Slovakia

We can add another name to the list of possible replacements for Gertrude Tumpel-Gugerell: Slovakia says it is proposing a former vice-governor of its own central bank, Elena Kohutikova. Ms Tumpel-Gugerell – currently the only woman on the ECB’s 23-strong governing council – will step down at the end of May.  Ralph has suggested her replacement is likely to be a woman.

Ms Kohutikova is currently board member of Vseobecna Uverova Banka, the Slovak unit of Italy’s Intesa SanPaolo, Reuters reports. She was in charge of monetary policy issues, financial markets operations, risk management during her stay at the NBS. Euro zone finance ministers will meet in Brussels on Monday, when they are expected to discuss possible replacements for Ms Tumpel-Gugerell. 

Slovakia’s refusal to back the Greek loan for Greece set a bad example, and the ECB should not support euro entry to applicants that may behave similarly, Reuters is reporting. (NB. We are unable to confirm these quotations, and the ECB, when asked, had no comment to make.)

BRATISLAVA/BRUSSELS, Sept 10 (Reuters) – Slovakia set a bad example by refusing support for a loan to Greece, and the European Central Bank will not support euro entry by others unless sure they will not take similar steps in the future, ECB President Jean-Claude Trichet was quoted as saying.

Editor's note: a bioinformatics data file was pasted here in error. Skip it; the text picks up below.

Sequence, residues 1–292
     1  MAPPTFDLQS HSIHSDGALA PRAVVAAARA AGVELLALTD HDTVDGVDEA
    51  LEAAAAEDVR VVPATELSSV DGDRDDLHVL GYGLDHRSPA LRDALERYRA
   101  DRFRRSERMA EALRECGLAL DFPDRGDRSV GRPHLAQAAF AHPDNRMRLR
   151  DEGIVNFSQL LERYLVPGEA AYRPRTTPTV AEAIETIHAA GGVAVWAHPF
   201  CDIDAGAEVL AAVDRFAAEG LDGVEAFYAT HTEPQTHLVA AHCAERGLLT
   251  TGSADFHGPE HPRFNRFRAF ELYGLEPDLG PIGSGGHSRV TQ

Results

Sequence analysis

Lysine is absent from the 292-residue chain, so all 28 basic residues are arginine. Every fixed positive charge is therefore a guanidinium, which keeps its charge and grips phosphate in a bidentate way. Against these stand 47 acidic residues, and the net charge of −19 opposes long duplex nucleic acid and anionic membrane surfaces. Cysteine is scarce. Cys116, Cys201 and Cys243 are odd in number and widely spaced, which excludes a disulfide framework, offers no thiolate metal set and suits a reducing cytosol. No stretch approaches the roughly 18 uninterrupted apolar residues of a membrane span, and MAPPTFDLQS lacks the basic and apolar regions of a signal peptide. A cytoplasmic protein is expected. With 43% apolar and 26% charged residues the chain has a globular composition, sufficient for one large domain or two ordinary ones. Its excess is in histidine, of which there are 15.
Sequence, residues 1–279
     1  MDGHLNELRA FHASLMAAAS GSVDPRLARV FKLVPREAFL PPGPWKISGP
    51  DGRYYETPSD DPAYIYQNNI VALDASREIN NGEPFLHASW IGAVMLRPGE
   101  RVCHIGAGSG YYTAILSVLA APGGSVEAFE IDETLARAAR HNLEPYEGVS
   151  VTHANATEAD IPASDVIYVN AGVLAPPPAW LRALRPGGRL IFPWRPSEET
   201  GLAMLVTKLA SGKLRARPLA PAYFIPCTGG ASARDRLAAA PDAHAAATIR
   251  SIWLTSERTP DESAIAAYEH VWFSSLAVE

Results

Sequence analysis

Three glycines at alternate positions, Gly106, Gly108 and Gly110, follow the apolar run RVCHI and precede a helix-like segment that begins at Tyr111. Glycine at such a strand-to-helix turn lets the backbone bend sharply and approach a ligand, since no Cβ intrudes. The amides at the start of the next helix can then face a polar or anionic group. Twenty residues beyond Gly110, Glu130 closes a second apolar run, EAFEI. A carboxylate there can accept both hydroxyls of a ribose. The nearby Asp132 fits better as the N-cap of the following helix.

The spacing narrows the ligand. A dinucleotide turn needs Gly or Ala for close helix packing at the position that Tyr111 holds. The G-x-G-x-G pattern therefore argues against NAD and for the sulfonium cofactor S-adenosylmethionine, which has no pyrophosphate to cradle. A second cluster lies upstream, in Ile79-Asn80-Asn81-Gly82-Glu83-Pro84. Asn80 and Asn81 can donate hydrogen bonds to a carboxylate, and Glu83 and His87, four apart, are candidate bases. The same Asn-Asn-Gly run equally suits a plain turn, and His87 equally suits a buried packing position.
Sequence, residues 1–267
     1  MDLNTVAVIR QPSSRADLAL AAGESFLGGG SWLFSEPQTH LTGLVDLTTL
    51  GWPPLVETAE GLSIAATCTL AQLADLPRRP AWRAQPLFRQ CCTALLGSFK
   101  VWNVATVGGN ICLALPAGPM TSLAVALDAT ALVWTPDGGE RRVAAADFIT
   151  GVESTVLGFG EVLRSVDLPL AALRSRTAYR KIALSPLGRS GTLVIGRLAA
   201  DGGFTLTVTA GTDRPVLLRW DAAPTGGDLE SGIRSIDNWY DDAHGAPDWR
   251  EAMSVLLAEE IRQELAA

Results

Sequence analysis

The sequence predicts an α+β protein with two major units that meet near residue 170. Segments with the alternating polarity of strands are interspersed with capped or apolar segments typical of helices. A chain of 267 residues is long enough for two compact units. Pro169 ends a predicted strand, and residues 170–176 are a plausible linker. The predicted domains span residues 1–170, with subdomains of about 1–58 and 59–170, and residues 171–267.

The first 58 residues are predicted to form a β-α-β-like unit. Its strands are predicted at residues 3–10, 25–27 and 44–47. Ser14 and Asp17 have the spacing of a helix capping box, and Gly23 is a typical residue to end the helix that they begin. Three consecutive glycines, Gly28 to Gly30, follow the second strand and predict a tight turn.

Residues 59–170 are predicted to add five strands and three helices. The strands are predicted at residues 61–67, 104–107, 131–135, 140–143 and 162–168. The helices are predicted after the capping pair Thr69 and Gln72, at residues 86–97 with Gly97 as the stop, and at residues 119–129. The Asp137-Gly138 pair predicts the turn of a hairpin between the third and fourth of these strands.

A memo from this week’s meeting of euro zone finance ministers, seen by Reuters, said Trichet was outraged at the refusal by Slovakia to participate in the Greek bailout.

Several EU officials said privately Slovakia could be snubbed by some of the 26 other EU member states because its decision is likely to complicate talks on the bloc’s budget, making the rich net payers less willing to grant aid to poorer countries.

“Trichet was outraged at the last Eurogroup by Slovakia’s refusal of a bilateral loan to Greece and said that had the ECB known Slovakia would behave like that, it would not have endorsed Slovakia’s euro adoption,” the memo summarising the discussion said.

 

Ralph Atkins

Europe’s new system of financial supervision maybe taking shape, but there are still gaping holes – and it is distinctly possible that policymakers will stumble into them. That was the, rather sobering, message of Athanasios Orphanides, Cyprus’s central bank governor, in a speech just delivered in Bratislava.

It is worth paying attention to what he had to say. Mr Orphanides, who learnt the ropes of central banking at the US Federal Reserve, is one of the smarter economists on the European Central Bank’s 22-strong governing council. That gives him greater status than perhaps a central banker from a Mediterranean island would usually command.

The European Union is close to an agreement on setting up new pan-European regulatory authorities and a “systemic risk” council headed by the ECB’s president. But Mr Orphanides suggested the emphasis had been put on preventive measures – and not enough on how to clear up the mess when financial institutions run into trouble.